Artifacts from American Fashion
by Heather Vaughan Lee, Editor
November 2019, 378pp, 8 1/2x11
1 volume, Greenwood

Hardcover: 978-1-4408-6457-5
$103, 86€, A148
eBook Available: 978-1-4408-6458-2
Please contact your preferred eBook vendor for pricing.

Now popular around the world, denim blue jeans were designed and patented by Jacob W. Davis and Levi Strauss & Co. in the late nineteenth century to be used as work pants for miners and cowboys.

Clothing and fashion accessories can serve as valuable primary sources for learning about our history. This unique book examines daily life in 20th-century America through the lens of fashion and clothing.

This collection explores fashion artifacts from daily life to shed light on key aspects of the social life and culture of Americans in the 20th century. Artifacts from American Fashion covers forty-five essential articles of fashion or accessories, chosen to illuminate significant areas of daily life and history, including Politics, World Events, and War; Transportation and Technology; Home and Work Life; Art and Entertainment; Health, Sport, and Leisure; and Alternative Cultures, Youth, Ethnic, Queer, and Counter Culture. Through these artifacts, readers can follow the major events, social movements, cultural shifts, and technological developments that shaped our daily life in the U.S.

A World War I soldier’s helmet opens a vista onto the horrors of trench warfare during World War I, while the dress of a typical 1920’s “flapper” speaks volumes about America women’s changing role during Prohibition and the Jazz Age. Similarly, a homemade feedsack dress illuminates the world of the Great Depression, while the bikini ushers us into the Atomic Age. Here, such artificacts tell the story of twentieth-century daily life in America.

Features

  • Provides readers with an understanding of American history through artifacts of clothing
  • Offers readers the option to read self-contained entries individually or in chronological order for a unique perspective of a given decade from multiple points of view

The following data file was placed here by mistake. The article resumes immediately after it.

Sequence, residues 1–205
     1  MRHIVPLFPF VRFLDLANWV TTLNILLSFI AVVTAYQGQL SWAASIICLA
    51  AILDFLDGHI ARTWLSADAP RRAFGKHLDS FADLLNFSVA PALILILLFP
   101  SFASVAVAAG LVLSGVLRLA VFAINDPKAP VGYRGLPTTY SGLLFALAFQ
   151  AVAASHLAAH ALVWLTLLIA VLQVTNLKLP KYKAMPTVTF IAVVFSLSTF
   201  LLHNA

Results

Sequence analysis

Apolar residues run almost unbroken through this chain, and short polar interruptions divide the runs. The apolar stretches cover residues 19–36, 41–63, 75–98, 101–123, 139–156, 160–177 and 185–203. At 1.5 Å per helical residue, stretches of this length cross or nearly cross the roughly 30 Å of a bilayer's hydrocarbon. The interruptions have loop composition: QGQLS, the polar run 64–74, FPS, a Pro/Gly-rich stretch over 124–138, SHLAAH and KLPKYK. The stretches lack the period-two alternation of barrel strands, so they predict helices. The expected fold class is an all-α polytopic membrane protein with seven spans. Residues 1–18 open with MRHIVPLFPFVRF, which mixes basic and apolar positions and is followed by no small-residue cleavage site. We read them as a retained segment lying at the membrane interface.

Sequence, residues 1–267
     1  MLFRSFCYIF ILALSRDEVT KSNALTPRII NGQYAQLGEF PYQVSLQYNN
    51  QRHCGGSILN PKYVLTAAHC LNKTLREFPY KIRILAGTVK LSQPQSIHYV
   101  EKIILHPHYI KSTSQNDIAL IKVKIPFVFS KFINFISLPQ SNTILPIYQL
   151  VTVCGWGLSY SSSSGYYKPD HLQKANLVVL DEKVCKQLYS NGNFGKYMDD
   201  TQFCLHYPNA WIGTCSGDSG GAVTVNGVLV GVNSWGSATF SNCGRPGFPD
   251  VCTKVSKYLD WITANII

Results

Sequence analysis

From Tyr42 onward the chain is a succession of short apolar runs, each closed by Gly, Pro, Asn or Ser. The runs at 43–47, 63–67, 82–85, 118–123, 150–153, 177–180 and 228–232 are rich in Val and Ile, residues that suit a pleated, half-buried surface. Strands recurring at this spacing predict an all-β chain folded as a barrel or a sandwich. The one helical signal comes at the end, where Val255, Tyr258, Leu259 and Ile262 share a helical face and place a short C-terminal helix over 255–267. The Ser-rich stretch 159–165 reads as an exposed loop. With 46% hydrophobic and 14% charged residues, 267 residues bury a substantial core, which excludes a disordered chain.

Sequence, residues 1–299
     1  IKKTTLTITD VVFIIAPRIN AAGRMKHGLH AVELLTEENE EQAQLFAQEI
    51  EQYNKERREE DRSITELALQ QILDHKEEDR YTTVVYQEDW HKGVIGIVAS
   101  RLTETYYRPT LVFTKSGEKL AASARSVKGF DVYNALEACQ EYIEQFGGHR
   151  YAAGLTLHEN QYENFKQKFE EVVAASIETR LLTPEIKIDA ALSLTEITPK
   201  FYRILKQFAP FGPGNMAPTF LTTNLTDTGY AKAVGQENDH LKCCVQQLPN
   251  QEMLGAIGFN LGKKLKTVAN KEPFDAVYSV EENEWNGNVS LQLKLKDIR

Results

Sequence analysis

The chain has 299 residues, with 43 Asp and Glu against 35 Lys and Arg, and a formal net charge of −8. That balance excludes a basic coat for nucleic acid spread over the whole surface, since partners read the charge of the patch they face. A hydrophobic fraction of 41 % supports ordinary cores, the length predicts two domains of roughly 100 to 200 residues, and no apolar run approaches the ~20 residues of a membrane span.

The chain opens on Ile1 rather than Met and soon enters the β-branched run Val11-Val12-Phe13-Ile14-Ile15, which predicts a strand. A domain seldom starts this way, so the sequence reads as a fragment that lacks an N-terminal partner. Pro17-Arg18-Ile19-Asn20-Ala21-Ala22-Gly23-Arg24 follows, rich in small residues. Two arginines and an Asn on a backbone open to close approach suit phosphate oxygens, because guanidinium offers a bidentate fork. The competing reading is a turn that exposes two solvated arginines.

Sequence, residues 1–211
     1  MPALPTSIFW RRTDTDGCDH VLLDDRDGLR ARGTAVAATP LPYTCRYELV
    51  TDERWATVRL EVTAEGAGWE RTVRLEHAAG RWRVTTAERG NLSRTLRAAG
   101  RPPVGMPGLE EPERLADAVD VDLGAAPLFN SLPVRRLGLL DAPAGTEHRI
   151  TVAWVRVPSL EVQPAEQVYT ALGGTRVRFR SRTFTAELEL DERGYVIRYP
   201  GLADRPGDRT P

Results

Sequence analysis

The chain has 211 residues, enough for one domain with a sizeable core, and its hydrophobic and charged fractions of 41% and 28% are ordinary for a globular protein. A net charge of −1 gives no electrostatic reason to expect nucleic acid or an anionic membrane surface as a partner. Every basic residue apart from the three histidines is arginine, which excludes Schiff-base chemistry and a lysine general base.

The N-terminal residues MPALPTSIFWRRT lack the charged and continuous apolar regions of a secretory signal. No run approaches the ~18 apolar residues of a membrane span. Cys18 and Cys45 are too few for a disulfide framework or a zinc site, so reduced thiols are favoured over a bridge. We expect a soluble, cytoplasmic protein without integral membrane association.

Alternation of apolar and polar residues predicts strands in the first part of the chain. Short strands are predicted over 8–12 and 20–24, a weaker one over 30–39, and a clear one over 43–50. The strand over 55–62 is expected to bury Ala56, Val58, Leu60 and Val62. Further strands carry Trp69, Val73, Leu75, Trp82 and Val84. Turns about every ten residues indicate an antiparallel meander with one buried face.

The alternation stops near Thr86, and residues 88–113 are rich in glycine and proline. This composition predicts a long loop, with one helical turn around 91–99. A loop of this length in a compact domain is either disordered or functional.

• Shows how clothing can be used as an educational tool to understand the real-life experiences of peoples of the past
  • Presents hard facts and information on complex topics like war and politics, as well as entertainment histories
  • Ties large historical events and movements to individuals living in those times, both famous and “everyday”
Heather Vaughan Lee is a historian, author, lecturer, and museum consultant who has worked in the intersecting fields of clothing and history for the last 15 years. She has worked with a variety of museums nationwide, most recently Turtle Bay Exploration Park and Museum and the Fashion Institute of Design and Merchandising. She was president of the Western Region of the Costume Society of America from 2012 to 2014 as well as editor of Clothing and Fashion: American Fashion From Head to Toe, Volume 3 (1900–1945), which appeared on the American Library Association’s 2017 Outstanding References Sources List.

Reviews

"Recommended. Lower- and upper-division undergraduates; students in technical programs; general readers."—Choice, July 1, 2020

Daily Life through Artifacts



Daily Life through Artifacts presents a collection of objects and artifacts from daily life that shed light on key aspects of social life and culture for specific historical periods or topics. Each artifact is illustrated with a large image, showing interesting detail and allowing for close-up study. The series serves to demonstrate how objects and artifacts can be "read" as primary sources to provide greater insight into the people and societies who created and used them. Each title in the series provides information on the background material for these objects as well as guidance on how to analyze an object or artifact. Readers will not only learn about the daily life of past societies but also gain the skills of observation and assessment needed to analyze the objects and draw meaningful conclusions from them about their context and significance.
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